A Deeper Look at the Supreme Court Sales Tax Ruling

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On Thursday, June 21, in a much-anticipated decision in the case of South Dakota v. Wayfair, Overstock, and Newegg, the U.S. Supreme Court ruled by a vote of 5-4 in favor of a South Dakota law qualifying remote retailers that have $100,000 or more in sales or 200-plus transactions in the state as having a physical presence.

As a result, under the state law these businesses are required to collect South Dakota sales tax on purchases made by state residents. The case reevaluated the 1992 Quill vs. North Dakota decision on what constitutes a physical presence in a state. Voting in the majority were Justice Anthony Kennedy, who wrote the decision, and Justices Clarence Thomas, Ruth Bader Ginsburg, Samuel Alito, and Neil Gorsuch. Voting in the minority were Chief Justice John Roberts and Justices Stephen Breyer, Sonia Sotomayor, and Elena Kagan.

In his majority opinion, Justice Kennedy noted that the 1992 Quill v. North Dakota decision was removed from current economic realities and resulted in providing some retailers an unfair advantage. The ruling was specific to the South Dakota law, however, and so leaves little legal wiggle room for states wanting to enact sales tax fairness laws, according to an analysis of the decision published by The Tax Foundation, which noted, “The Court laid out why South Dakota’s law is no burden to interstate commerce but made clear that more complex or overreaching laws would be.”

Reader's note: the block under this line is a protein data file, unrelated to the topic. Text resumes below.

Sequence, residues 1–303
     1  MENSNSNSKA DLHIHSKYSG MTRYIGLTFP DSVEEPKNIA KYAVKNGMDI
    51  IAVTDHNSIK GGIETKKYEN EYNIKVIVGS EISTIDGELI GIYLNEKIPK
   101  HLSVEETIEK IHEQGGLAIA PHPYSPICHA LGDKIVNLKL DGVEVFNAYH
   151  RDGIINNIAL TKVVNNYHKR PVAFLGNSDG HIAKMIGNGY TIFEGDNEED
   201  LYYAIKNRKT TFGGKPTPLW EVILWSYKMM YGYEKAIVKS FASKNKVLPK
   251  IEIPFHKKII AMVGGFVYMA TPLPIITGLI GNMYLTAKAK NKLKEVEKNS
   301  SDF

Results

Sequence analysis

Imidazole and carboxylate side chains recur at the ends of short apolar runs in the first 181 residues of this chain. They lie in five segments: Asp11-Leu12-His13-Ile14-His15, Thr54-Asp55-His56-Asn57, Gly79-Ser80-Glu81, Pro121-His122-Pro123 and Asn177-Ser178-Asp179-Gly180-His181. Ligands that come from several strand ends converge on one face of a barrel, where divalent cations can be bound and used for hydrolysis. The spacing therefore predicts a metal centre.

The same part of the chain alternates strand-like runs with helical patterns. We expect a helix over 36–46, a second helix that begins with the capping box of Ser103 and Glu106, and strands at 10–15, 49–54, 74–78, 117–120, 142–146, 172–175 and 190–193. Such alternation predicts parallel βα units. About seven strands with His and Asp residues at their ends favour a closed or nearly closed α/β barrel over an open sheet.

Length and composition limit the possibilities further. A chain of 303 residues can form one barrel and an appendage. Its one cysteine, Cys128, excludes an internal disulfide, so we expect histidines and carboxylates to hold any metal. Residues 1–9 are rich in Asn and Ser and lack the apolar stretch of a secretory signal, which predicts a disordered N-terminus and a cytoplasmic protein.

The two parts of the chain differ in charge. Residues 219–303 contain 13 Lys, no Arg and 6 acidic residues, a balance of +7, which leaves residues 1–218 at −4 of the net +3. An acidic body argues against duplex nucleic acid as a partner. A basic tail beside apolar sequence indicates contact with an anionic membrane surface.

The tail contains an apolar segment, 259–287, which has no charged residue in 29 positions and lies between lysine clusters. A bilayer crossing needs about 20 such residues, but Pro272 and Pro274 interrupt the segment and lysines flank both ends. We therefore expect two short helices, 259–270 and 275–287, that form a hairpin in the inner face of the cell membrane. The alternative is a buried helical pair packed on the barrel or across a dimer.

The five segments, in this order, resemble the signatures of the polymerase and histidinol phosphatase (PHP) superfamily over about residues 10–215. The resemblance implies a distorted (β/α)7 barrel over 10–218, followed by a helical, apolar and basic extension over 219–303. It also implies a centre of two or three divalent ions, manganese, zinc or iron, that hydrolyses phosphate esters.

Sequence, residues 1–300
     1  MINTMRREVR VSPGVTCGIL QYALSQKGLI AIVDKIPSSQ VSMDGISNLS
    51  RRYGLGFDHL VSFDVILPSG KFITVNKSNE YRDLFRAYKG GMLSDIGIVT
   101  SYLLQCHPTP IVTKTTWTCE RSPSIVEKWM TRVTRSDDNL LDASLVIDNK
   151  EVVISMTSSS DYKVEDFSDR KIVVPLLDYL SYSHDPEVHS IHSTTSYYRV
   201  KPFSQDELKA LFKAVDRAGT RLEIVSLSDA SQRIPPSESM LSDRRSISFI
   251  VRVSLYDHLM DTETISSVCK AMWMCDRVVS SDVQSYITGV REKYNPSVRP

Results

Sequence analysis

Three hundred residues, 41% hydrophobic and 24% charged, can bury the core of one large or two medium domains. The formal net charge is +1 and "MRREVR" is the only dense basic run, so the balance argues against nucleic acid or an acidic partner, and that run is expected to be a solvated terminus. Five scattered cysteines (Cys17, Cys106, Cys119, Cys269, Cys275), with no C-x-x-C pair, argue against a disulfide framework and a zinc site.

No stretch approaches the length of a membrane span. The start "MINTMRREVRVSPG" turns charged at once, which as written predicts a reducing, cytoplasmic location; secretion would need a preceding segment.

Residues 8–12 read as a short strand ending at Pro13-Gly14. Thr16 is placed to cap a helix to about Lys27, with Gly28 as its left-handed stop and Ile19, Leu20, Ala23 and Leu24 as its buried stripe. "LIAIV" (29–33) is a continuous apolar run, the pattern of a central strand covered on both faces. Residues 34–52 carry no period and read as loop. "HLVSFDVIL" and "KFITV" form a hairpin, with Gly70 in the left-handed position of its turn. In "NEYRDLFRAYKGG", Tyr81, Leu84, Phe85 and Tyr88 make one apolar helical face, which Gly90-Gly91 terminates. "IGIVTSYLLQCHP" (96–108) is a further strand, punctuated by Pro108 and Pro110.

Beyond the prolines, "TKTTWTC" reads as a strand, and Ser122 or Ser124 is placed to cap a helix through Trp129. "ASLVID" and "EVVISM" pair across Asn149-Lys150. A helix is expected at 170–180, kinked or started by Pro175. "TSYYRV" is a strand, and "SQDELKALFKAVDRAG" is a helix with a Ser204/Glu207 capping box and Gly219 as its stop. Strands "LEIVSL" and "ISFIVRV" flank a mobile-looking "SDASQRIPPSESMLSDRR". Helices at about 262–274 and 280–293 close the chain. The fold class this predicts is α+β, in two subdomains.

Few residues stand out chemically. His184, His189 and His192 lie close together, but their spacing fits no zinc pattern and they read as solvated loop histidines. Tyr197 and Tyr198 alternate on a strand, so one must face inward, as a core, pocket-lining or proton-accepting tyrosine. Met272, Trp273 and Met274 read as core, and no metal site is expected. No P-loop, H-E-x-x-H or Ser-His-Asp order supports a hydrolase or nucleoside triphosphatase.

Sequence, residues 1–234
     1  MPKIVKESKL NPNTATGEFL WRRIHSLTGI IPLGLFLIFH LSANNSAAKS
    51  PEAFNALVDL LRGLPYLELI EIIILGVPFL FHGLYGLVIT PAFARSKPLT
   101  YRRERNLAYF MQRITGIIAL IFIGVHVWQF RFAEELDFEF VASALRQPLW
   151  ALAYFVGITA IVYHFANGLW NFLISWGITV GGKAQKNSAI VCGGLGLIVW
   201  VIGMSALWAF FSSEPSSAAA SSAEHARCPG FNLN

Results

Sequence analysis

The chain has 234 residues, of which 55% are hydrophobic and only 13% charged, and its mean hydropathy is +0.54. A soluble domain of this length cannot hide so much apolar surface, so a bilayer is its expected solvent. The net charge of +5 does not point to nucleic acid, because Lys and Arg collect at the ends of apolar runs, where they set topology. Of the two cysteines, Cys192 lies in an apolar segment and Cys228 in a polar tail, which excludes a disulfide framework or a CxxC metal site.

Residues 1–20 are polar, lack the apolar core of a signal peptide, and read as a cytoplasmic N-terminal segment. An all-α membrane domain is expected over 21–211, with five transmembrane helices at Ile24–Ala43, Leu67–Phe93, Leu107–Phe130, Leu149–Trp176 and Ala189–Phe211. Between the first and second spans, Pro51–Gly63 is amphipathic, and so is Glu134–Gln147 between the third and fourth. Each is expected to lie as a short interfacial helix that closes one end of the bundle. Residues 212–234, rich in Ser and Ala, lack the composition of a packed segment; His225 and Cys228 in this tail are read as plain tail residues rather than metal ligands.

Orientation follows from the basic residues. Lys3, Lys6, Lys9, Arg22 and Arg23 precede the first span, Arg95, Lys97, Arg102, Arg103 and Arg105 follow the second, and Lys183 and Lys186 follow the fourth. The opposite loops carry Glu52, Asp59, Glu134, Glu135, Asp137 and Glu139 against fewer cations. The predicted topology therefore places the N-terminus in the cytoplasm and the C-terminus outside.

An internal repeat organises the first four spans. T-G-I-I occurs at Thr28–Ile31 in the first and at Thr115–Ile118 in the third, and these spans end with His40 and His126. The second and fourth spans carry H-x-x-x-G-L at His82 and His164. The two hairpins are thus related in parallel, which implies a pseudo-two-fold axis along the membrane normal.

Overall, the decision stated that Quill’s physical presence rule is “unsound and incorrect,” noting that it was an incorrect interpretation of the Commerce Clause. The court ruled that:

  • Quill creates rather than resolves market distortions: “It is a judicially created tax shelter for businesses that limit their physical presence in a State but sell their goods and services to the State’s consumers, something that has become easier and more prevalent as technology has advanced. The rule also produces an incentive to avoid physical presence in multiple States, affecting development that might be efficient or desirable.”
  • Quill imposes an arbitrary, formalistic distinction rather than a sensitive, case-by-case analysis of purposes and effects: “It treats economically identical actors differently for arbitrary reasons. For example, a business that maintains a few items of inventory in a small warehouse in a State is required to collect and remit a tax on all of its sales in the State, while a seller with a pervasive Internet presence cannot be subject to the same tax for the sales of the same items.”

In his opinion, Justice Kennedy made clear that the small business exemption in South Dakota’s law provided “a reasonable degree of protection.”

Kennedy explained that the physical presence rule as defined by Quill is “no longer a clear or easily applicable standard; arguments for reliance based on its clarity are misplaced.” He added that the potential for any undue burden on interstate commerce that may arise in the future “cannot justify retaining an artificial, anachronistic rule that deprives states of vast revenues from major businesses.”

“Here, the nexus is clearly sufficient,” Kennedy continued. “The Act applies only to sellers who engage in a significant quantity of business in the State, and respondents are large, national companies that undoubtedly maintain an extensive virtual presence.”

South Dakota’s petition to the Court stemmed from a state law passed in 2016 aimed at challenging the Quill decision, which was issued before the explosive growth of e-commerce. When the U.S. Supreme Court announced its decision to review the case in January, ABA filed an amicus brief in support of South Dakota’s petition and sales tax fairness.